Friday, December 16, 2011

It was bound to happen eventually. The sculpted bent metal styling that was more or less standard through the 1950s gave way to the angular bent metal that got a foothold in the 1960s. Those are of course generalizations in terms of time frame. There was slop on each side of that date line.

This clearly dates to the 1960s. The fact that someone painted the front panel exaggerates the ugly institutional aesthetics. Here's the intact lettering of a gutted one:

Still isn't winning any design of the year awards, though to be honest I enjoy the ugly angular stuff from the institutional schools of thought about as much as I enjoy the sculpted and primitive platforms from previous decades. Since this stuff is all by and large older than I am, I'll tip my hat to a little respect.

12AX7 weighing in at lower right, one half supports phase inversion for the push-pull output, the other half supports the "MIKE" input. The 6AU6 in the logical position of phase inverter is the line level input/second gain stage for microphone. Can't overlook the pair of 6V6 on output.

It would appear there have been sticky fingers where rectifier tubes are concerned. The red cover at upper right covers an octal plug for input configuration, pictured is the optional Newcomb input transformer. The installed Newcomb part number SF-30 could be confused (perhaps "substituted" is more applicable) with a bit of bent solid copper wiring, ala Romex.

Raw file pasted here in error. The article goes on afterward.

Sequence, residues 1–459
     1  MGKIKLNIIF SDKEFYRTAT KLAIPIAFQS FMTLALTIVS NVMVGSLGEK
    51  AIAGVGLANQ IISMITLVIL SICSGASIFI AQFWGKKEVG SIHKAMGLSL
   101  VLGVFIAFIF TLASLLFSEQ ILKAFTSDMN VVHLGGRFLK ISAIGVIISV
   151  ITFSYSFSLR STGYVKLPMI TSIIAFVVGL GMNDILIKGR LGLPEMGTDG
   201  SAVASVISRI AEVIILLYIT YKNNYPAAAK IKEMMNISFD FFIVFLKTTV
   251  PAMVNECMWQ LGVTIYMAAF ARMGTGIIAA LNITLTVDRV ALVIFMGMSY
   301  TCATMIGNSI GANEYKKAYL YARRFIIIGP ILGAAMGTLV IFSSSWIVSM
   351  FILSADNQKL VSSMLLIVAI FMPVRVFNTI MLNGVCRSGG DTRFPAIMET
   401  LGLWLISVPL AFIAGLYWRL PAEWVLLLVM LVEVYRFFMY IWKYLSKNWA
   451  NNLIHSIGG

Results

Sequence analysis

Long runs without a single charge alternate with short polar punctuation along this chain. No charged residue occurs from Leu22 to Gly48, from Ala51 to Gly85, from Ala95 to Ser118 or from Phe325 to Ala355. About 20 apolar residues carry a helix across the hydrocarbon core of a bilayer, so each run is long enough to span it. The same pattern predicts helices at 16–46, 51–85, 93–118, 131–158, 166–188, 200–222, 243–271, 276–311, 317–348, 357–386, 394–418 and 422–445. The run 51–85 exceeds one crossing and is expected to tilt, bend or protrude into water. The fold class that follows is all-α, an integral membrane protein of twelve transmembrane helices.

Nothing incredibly odd here. The mains wiring does not appear to strictly adhere to the schematic (following), and the Foster output iron is hanging tough gut-side.

Another octal output connector (the Stromberg Carlson is, of course, wired differently).

I will always be delighted when I open an amp and have access to the schematic. Manufacturers take note!

In boosting the contrast on this image, I noticed a bunch of darker squiggly lines. Which, as it turned out, were present on all recent shots. See, a week ago I noticed a dark spot that was also spanning all images in the same location - indicative of a speck of dust on the face of the sensor. I tried to blow it out, which delivered a spot of spittle. At this point I had to go into fog & clean, and the soft cloth I selected managed to deposit small fibers everywhere. So, the camera is going to get a proper clean once I find my bulb brush, in the meantime I'll live with the artifacts.

Back to the amp, it would appear as if this has been modified as the plate on one half of the 12AX7 is hanging in open space.

CTS potentiometer dated 28th week of 1966.

Foster power transformer dated 31st week of 1966. The electrolytic can cap is dated 3rd week of 1967, that should probably be updated.

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